4. For regular stains, dilute a tablespoon of laundry soap in 8 ounces of warm water or soap and water and blot the stain.
  5. For tougher stains, consider applying a non-toxic upholstery cleaner. Follow the directions based on the manufacturer's instructions.

How to Remove Scuffs on a Suitcase

After your suitcase has been cleaned, turn your attention to any scuffs and scratches on the bag—these steps might come in particular handy if you have leather luggage.

Materials You'll Need

  • Microfiber cloth
  • All-purpose spray
  • White vinegar
  • Gentle dish soap
  • Leather cleaner

Here are Rosati's steps to clean scuffs and other unwanted marks from the exterior of your suitcase, depending on its material:

  • For both fabric bags or hard-case luggage: Use a damp cloth paired with an all-purpose spray like Method, a homemade white vinegar-based cleanser, or gentle dish soap to remove unwanted marks, suggests Rosati.
  • For leather suitcases: Rosati suggests rubbing your suitcase with a bar of nourishing Bickmore Saddle Soap to restore its appearance.

How to Clean Suitcase Wheels

Your suitcase's wheels might be the dirtiest part, since they come in direct contact with the ground.

Materials You'll Need

  • Soap and water or all-purpose cleaner
  • Microfiber towels
  • Screwdriver

Here are Parnell's steps to clean wheels on your luggage:

  1. Apply a soap and water mixture or spray the wheels with all-purpose cleaner.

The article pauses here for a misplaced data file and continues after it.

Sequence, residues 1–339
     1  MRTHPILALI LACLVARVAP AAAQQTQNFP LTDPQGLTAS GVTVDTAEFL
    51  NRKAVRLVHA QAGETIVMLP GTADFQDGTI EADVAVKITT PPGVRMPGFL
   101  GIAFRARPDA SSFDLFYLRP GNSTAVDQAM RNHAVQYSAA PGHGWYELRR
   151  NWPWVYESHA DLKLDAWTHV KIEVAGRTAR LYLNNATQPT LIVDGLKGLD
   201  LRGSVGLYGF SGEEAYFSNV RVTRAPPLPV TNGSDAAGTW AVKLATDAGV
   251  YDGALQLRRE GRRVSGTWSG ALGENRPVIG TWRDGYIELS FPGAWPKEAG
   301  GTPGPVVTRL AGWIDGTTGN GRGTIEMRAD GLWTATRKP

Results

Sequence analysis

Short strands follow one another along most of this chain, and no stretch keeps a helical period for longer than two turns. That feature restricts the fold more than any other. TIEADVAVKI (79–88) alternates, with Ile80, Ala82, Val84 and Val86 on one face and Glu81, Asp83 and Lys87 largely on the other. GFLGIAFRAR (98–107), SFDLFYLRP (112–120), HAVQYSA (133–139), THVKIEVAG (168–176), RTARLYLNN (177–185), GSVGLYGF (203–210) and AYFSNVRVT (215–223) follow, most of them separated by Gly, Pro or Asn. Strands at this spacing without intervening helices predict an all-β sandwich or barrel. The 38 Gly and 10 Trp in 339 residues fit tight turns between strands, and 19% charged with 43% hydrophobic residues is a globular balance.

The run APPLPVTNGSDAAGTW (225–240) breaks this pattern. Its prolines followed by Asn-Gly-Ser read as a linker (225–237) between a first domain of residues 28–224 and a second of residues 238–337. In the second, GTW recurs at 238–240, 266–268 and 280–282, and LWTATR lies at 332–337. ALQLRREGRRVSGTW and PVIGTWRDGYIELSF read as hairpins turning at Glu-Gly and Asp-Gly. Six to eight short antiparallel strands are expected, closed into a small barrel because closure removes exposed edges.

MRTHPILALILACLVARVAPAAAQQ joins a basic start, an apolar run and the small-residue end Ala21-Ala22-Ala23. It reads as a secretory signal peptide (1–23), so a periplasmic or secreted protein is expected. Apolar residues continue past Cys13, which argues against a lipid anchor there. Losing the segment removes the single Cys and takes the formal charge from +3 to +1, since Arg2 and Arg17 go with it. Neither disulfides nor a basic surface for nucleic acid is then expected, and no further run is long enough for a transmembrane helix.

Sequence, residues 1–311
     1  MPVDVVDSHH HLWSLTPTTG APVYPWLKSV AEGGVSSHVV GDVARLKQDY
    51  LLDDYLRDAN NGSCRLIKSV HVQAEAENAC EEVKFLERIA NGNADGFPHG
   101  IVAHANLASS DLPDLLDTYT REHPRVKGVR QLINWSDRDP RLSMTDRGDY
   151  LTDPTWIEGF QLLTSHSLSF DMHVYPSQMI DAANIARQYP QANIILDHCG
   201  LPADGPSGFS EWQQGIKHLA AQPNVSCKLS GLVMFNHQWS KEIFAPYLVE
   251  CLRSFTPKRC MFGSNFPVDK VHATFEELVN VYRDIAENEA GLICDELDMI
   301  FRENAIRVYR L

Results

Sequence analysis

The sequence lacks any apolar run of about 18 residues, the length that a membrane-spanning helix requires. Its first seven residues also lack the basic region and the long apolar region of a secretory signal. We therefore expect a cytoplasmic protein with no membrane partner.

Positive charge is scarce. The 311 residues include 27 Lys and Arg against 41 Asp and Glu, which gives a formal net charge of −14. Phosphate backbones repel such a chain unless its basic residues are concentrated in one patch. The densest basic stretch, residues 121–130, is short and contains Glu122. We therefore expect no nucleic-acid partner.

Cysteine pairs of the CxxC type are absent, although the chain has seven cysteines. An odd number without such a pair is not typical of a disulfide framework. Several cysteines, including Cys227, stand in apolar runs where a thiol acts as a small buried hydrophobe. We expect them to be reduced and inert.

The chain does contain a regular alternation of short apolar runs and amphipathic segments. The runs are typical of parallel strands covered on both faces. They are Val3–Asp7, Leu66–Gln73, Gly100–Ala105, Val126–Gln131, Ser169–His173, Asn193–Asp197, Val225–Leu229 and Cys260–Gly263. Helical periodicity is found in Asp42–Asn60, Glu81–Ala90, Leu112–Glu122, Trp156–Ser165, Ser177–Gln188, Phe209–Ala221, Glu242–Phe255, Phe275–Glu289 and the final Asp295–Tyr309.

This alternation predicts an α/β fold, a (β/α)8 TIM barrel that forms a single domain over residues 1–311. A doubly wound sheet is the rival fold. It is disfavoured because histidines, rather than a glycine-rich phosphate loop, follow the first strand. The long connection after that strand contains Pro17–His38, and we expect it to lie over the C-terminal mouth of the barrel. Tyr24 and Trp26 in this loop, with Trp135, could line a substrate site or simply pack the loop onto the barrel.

2. Wipe down the wheels with the cleaning solution.
  3. Run the wheels over a microfiber cloth to dry them.
  4. "If you would like to deep clean your wheels, you can choose to remove them with the appropriate screwdriver size," says Parnell. "Clean them thoroughly and screw them back on."

How to Clean the Inside of a Suitcase

Lingering odors (from unwashed laundry) and debris (from annoying shampoo spills) can leave your suitcase's interior worse for wear. There are a few things you can do to remove both, says Rosati.

Materials You'll Need

  • Baking soda
  • Vacuum
  • Dish detergent

Follow these steps to clean the interior of your suitcase:

  1. Sprinkle a dash of baking soda in your suitcase and let it sit overnight.
  2. In the morning, vacuum every nook and cranny of the interior.
  3. If you had a major spill of shampoo, body lotion, or sunscreen, suction it up with a dual-purpose wet/dry vacuum; you may have to blot the spill with a bit of water to loosen residue as you work.
  4. To remove stubborn stains, use a mild solution of dish detergent and water, then sponge the area lightly.
  5. As a proactive measure, you can spray the bag with a light coat of Scotchgard for added protection. (Just remember to always test such products on an inconspicuous spot first.)
Updated by
Nashia Baker
Nashia Baker, Associate Digital Editor for Martha Stewart
Nashia Baker is a skilled writer and editor in the journalism industry, known for her work interviewing global thought leaders, creatives, and activists, from Aurora James to Stacey Abrams. She has over five years of professional experience and has been a part of the Martha Stewart and Martha Stewart Weddings teams for the last 3 years.